In the 1930s, a group of new immigrants visited Rav Kook in Jerusalem. The Jewish refugees had fled Germany, forced to leave behind most of their wealth and property.
As the chief rabbi met with them, he felt the depth of their dejection and unhappiness.
Wishing to boost their spirits, Rav Kook quoted Isaiah’s comforting words of consolation. With poetic imagery, the prophet described Jerusalem’s amazement as her children — the Jewish people — suddenly return after long years of exile:
מִי אֵלֶּה כָּעָב תְּעוּפֶינָה וְכַיּוֹנִים אֶל אֲרֻבֹּתֵיהֶם.
“Who are these? They fly like clouds, like doves returning to their cotes!” (Isaiah 60:8)
What is the difference, Rav Kook asked the new arrivals, between the flight of a cloud and that of a dove? Why did Isaiah use these two analogies?
A cloud, he explained, moves involuntarily. Buffeted by storms and strong winds, clouds are pushed from place to place.
The dove, however, is a different story. It flies where it wishes to travel. Longing for home, the dove returns to its beloved nest.
Isaiah foresaw that the Jews returning to the Land of Israel would not be a homogenous group. Some would arrive charged with idealism. Stirred by powerful yearnings to return to their homeland, they would come like doves returning to their cotes.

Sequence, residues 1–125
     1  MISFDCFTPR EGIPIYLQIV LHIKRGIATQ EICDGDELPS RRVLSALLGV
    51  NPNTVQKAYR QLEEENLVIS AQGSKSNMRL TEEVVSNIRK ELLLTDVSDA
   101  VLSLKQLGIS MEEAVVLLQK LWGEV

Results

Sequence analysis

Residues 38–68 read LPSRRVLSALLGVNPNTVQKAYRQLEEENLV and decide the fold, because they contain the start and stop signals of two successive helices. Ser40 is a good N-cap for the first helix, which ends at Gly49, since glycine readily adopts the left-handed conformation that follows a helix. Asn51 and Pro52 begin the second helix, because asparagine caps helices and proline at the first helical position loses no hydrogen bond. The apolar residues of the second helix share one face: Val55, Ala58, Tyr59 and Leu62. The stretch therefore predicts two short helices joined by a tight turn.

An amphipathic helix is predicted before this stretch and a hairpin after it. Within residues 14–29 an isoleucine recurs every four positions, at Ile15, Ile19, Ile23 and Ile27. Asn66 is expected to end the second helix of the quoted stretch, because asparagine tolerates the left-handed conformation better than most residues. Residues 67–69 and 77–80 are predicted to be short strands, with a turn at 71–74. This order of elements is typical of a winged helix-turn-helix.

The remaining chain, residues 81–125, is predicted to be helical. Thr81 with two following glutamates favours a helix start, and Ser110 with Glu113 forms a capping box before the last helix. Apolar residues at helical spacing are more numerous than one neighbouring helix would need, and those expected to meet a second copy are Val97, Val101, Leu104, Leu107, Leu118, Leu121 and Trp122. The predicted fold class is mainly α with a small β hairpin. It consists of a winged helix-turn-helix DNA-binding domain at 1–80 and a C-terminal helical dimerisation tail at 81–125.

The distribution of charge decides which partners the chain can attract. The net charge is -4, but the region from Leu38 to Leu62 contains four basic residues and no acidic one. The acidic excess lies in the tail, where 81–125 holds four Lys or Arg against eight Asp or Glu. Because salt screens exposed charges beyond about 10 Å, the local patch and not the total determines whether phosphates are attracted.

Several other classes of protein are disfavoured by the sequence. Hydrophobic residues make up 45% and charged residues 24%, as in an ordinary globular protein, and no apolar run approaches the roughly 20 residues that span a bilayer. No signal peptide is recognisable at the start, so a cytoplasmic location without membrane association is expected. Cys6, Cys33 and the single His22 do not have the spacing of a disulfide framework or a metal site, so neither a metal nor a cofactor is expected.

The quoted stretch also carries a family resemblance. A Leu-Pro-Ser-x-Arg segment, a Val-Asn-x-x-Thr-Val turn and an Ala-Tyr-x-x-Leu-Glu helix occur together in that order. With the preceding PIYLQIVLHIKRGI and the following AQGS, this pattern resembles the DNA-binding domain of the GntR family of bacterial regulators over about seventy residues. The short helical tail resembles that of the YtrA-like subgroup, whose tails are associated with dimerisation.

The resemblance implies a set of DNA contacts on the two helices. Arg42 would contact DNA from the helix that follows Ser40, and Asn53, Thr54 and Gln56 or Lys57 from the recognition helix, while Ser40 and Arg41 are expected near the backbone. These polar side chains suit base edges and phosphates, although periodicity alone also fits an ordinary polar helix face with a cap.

But other Jews would migrate because violent storms uprooted them from their countries. With few available options, they would find themselves in the Land of Israel, wandering like the involuntary movement of clouds.
Rav Kook then spoke directly to the new immigrants:
Even those who arrive like displaced clouds can find within themselves the longings of a dove wanting to come home. Once you have discovered these aspirations within, you will be able to make your homes here in joy and happiness. As it says,
וּפְדוּיֵי ה’ יְשׁוּבוּן וּבָאוּ צִיּוֹן בְּרִנָּה וְשִׂמְחַת עוֹלָם עַל רֹאשָׁם.
שָׂשׂוֹן וְשִׂמְחָה יַשִּׂיגוּן נָסוּ יָגוֹן וַאֲנָחָה.
“Those whom God redeemed will return.
Singing, they will enter Zion;
everlasting joy will crown their heads.
Gladness and joy will overtake them,
while sorrow and sighing will flee away.” (Isaiah 51:11)
(Adapted from Mo'adei HaRe’iyah pp. 148-149)